Media Blitz: After Tyson, Melo tackles Clemente

It's a good time to be Carmelo Anthony. Getty Images

Finishing the regular season at the height of his game, Carmelo Anthony helped lead his Denver Nuggets to its highest win total in franchise history and an early lead in its first round playoff match-up with the Hornets.

He's also having a pretty nice run off the court.

Just days before the release of Tyson, the highly-anticipated Mike Tyson documentary Anthony executive produced, Anthony's Krossover Productions has set its next project: a scripted biographical drama about the late, great Roberto Clemente, Major League Baseball's first Hispanic superstar.

The film will track Clemente from his youth in Carolina, Puerto Rico through his ground-breaking debut with the Pittsburgh Pirates in '55 and his posthumous induction into the Baseball Hall of Fame following his tragic death in a plane crash at the age of 38. Anthony and his Krossover partners David Haines and Alani "La La" Vazquez, Anthony's fiancé, will work closely with Clemente's family in shaping the story, which will also shed light on the icon's family life and humanitarian efforts. For Anthony, whose late father, Carmelo Sr., was Puerto Rican, the project is an opportunity to share the story of a sports pioneer with a new generation -- and to embrace his Hispanic heritage.

"He was a man who loved his sport, loved his people and was committed to showing the world that he could carry the weight of the title 'hero,'" Anthony says via email from Denver, where his Nuggets thumped the Hornets 113-84 in Game 1. "The obvious connection to this film is the Puerto Rican heritage that we both share, but most importantly I want the world to be exposed to Clemente the man, athlete and hero. We are all here to accomplish certain things in life so that others may learn and build on the foundation that we have laid before them. I just wanted the opportunity for Clemente's story to continue building in the lives of others."

Anthony secured the Clemente clan's blessing last week following a series of discussions dating back to October of '08. The filmmakers will receive unprecedented access to the family, including interviews with wife Vera and sons Roberto Jr., Luis Roberto and Enrique Roberto. Clemente's sons are expected to serve as producers along with Anthony and his partners.

The Clemente film, which does not yet have a writer and is being pegged as a theatrical release, is only the latest development for Krossover. Their Tyson, an unflinching, warts-and-all portrait of the controversial former heavyweight champ, bowed to rave reviews at the Cannes and Sundance Films Festivals before being swooped up by Sony Pictures Classics earlier this year. Directed by James Toback (Black and White), the flick will be released theatrically on Friday in LA and New York before expanding throughout the country.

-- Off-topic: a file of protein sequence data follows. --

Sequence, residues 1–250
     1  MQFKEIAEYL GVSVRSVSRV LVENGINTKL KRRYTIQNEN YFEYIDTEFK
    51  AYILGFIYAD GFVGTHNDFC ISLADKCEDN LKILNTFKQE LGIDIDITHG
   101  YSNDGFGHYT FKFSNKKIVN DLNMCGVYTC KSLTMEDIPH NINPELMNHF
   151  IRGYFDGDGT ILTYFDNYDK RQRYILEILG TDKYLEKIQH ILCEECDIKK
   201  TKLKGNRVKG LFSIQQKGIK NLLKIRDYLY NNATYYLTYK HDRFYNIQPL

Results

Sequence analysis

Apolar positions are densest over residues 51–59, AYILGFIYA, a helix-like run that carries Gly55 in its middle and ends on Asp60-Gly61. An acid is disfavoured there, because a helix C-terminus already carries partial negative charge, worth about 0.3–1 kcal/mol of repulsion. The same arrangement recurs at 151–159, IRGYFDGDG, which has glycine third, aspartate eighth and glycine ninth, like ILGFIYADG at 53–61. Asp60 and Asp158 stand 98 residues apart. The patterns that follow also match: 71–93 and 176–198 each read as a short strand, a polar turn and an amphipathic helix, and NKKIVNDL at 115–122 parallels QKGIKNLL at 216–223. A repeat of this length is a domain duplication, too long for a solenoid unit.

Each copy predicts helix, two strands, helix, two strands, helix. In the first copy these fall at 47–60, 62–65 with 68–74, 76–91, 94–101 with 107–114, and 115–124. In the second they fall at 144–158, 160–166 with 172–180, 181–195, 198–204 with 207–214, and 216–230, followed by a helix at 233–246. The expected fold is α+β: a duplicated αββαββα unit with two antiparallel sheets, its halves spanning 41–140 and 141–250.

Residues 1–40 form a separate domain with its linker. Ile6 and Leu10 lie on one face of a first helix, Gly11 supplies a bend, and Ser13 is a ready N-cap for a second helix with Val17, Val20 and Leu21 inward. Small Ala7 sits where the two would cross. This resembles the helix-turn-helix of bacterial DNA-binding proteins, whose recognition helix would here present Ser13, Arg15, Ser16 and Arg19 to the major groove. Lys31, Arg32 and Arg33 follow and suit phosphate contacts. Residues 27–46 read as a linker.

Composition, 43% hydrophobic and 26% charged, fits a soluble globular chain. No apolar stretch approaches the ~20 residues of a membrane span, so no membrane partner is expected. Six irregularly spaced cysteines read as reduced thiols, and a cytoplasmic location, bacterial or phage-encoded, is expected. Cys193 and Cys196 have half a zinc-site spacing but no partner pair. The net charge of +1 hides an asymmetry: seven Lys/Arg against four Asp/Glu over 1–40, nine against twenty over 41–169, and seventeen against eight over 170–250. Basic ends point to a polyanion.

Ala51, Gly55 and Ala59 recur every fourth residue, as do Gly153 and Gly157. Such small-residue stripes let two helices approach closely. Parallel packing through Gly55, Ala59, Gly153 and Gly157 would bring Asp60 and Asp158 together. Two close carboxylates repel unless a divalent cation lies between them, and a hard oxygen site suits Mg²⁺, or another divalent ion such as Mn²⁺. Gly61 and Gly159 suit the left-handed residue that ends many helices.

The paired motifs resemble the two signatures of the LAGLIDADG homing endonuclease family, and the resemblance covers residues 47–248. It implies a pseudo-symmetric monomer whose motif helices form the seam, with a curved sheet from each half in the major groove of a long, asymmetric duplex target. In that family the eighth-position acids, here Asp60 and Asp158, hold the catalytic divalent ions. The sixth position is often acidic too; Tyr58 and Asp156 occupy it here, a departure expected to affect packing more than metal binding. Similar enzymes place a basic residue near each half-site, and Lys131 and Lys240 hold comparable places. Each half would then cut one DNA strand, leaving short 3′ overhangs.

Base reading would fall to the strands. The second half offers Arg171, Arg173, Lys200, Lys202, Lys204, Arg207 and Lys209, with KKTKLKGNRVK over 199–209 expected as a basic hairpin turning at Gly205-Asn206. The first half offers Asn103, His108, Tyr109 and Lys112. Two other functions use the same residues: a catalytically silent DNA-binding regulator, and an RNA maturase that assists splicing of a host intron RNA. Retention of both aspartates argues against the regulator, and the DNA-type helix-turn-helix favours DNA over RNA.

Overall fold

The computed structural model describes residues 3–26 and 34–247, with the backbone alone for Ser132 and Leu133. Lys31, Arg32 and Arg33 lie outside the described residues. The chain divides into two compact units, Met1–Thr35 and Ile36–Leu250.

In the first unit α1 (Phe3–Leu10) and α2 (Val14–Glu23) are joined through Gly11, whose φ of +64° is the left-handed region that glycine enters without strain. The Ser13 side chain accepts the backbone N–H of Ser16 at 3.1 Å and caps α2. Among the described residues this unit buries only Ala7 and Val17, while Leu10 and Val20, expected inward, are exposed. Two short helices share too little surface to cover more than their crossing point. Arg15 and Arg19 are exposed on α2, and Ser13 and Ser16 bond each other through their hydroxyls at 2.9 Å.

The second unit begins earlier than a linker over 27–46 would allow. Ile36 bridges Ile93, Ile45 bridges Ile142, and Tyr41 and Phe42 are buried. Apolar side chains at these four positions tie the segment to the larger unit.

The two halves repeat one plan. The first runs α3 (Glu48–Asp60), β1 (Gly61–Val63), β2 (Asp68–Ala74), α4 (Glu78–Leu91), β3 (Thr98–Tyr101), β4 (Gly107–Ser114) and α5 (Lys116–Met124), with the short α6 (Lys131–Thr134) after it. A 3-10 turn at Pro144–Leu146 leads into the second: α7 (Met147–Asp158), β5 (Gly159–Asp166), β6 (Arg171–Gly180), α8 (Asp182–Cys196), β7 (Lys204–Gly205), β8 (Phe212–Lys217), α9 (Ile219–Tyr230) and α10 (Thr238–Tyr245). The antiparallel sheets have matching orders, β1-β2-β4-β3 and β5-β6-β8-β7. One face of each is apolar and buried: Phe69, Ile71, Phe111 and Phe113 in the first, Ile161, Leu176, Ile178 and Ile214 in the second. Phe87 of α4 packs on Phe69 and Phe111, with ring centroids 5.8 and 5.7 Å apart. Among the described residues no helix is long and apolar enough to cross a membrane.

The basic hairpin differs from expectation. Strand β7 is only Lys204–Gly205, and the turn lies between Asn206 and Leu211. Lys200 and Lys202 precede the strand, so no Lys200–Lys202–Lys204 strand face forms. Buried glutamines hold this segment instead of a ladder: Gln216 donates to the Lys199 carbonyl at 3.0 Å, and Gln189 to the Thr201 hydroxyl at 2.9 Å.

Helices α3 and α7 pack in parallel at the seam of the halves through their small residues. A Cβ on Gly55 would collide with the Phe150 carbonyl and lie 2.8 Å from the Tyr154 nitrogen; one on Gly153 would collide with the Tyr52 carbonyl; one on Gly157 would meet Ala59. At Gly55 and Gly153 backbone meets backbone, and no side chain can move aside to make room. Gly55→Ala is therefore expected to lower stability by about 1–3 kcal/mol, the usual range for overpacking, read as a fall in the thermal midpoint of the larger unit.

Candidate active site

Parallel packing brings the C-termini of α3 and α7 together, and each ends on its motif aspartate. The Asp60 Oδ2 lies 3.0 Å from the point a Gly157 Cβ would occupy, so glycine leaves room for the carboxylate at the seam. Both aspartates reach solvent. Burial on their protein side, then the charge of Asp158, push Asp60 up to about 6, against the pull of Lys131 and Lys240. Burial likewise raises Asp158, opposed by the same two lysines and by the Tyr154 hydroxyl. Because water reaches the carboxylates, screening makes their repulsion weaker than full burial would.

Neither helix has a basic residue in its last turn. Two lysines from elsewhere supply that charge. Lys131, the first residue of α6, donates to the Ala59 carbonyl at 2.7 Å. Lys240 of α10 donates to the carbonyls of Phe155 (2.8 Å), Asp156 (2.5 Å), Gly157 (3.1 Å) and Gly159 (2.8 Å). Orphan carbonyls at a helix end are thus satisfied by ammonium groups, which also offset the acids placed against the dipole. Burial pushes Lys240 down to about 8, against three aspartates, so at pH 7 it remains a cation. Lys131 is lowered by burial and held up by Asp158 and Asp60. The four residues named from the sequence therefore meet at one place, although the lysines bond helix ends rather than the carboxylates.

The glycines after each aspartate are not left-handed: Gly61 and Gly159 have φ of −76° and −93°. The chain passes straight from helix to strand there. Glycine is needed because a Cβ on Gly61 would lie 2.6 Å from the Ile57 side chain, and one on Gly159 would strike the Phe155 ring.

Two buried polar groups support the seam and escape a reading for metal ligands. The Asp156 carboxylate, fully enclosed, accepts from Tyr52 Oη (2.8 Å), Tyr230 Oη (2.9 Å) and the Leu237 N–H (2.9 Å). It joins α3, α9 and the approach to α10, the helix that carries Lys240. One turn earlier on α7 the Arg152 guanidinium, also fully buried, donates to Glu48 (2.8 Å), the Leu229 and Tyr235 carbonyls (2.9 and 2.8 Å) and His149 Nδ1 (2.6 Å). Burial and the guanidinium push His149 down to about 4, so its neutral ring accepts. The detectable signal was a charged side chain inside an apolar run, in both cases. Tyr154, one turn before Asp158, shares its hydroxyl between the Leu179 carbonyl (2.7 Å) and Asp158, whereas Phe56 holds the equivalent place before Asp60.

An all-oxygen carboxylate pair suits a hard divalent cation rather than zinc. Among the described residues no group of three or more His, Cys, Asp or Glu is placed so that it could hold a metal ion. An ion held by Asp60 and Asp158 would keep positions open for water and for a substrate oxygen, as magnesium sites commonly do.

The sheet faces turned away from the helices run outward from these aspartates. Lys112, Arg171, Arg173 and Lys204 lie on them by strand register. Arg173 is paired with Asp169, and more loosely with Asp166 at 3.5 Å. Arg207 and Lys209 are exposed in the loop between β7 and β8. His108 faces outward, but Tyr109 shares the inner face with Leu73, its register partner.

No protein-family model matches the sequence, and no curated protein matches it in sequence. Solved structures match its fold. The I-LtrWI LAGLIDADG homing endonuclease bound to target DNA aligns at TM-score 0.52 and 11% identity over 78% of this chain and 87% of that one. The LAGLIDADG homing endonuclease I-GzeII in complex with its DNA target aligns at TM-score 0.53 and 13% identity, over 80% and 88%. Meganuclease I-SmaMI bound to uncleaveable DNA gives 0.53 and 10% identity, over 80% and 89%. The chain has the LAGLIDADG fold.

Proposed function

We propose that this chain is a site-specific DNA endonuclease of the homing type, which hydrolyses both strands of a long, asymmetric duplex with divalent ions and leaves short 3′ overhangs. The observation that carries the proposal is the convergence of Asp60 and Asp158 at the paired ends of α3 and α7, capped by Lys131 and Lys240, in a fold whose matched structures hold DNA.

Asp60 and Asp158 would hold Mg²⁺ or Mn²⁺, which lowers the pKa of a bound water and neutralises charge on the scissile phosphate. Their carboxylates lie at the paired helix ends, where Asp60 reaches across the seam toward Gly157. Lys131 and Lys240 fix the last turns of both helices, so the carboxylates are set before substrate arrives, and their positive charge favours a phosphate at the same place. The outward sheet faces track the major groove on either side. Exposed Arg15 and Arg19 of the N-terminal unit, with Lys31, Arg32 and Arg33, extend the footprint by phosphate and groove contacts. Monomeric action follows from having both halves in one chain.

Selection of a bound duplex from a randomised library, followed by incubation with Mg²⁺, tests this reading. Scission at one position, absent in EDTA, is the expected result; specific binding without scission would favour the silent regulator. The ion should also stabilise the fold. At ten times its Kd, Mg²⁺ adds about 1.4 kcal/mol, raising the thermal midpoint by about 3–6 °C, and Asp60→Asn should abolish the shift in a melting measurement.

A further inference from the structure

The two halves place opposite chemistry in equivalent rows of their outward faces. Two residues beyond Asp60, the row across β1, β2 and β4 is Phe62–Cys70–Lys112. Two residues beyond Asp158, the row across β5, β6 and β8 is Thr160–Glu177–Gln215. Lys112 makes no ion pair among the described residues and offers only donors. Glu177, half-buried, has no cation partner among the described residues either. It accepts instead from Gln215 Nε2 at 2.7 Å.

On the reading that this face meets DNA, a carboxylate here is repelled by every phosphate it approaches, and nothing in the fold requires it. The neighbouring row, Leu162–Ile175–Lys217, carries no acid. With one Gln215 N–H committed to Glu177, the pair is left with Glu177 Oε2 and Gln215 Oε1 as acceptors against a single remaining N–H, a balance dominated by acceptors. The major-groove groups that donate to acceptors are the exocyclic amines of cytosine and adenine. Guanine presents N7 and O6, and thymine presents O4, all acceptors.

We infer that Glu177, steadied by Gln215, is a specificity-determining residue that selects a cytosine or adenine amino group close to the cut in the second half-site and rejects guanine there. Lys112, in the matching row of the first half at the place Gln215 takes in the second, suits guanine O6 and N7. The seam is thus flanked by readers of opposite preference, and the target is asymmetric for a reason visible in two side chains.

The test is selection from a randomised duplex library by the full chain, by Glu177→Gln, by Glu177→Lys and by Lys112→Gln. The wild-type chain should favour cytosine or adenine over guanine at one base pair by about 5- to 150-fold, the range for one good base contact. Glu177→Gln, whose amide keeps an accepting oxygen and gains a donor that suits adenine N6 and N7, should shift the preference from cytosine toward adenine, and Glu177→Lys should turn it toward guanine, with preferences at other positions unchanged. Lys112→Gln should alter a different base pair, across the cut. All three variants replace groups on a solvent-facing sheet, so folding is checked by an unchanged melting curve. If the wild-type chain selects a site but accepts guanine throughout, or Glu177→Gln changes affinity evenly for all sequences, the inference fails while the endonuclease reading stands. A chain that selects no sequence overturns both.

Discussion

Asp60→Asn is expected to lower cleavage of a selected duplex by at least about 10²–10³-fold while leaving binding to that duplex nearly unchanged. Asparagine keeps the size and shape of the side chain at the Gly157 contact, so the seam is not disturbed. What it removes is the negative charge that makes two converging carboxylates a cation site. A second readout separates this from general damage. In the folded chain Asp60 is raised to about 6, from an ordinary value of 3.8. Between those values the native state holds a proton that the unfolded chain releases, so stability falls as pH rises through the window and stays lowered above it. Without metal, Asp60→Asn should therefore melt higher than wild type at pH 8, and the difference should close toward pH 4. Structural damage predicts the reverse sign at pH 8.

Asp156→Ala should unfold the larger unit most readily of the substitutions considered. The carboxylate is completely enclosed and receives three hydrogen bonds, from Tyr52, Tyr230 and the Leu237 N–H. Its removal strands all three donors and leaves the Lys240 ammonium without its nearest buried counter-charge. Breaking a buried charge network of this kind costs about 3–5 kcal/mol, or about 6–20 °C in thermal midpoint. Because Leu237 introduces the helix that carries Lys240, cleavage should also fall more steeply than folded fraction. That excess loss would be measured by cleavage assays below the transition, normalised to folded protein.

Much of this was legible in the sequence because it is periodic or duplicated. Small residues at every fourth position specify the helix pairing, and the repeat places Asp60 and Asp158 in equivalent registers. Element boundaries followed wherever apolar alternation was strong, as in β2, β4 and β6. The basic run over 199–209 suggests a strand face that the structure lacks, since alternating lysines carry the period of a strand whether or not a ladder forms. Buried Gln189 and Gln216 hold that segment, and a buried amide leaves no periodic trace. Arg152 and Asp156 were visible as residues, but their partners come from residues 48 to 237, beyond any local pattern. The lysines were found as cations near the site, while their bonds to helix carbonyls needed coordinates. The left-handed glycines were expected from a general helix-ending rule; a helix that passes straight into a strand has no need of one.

"What was missing in the journey and career of Mike Tyson was his voice, because we watched everything through the eyes of the media," Anthony says in the email. "Many people don't understand the circumstances from which Tyson came and the battles he faced to belong or survive. He'd be the first to admit that all of his choices weren't good ones, but I wanted to be a part of something that allowed for Tyson's truth to be seen."

Unfortunately, Anthony hasn't had much time to reflect on his accomplishments as a producer during playoff time. He was in Denver preparing for the playoffs when Tyson had its red carpet premiere in LA on Thursday. Vazquez attended in his place.

"As a company, we're so appreciative of our success right out the gate, and Melo's really bummed that he's not around to enjoy it," she said. "But he's so focused on the playoffs, on preparing for Chris Paul and New Orleans, it's amazing. He's so energized. I've never seen him this excited."

Vazquez feels Anthony's focus and recent play is in part a result of his experience producing Tyson. She says the two-time All-star, whose six-year career hasn't been without controversy, spoke regularly to Tyson throughout the filmmaking process about the boxer's own trials and tribulations, and has come away the better for it.

And what lessons can be learned from Tyson's tale?

"That timing is everything," the former champ says. "My timing wasn't good for me to become who I was at that time. If you're not humble, the world will thrust humbleness upon you. And I believe I've been humbled. I came from this megalomaniac, overconfident guy to now I'm like a hermit. Life has these twists and turns. It wasn't good timing for me."

But for Anthony, the baller and the producer, the timing is beginning to look just right.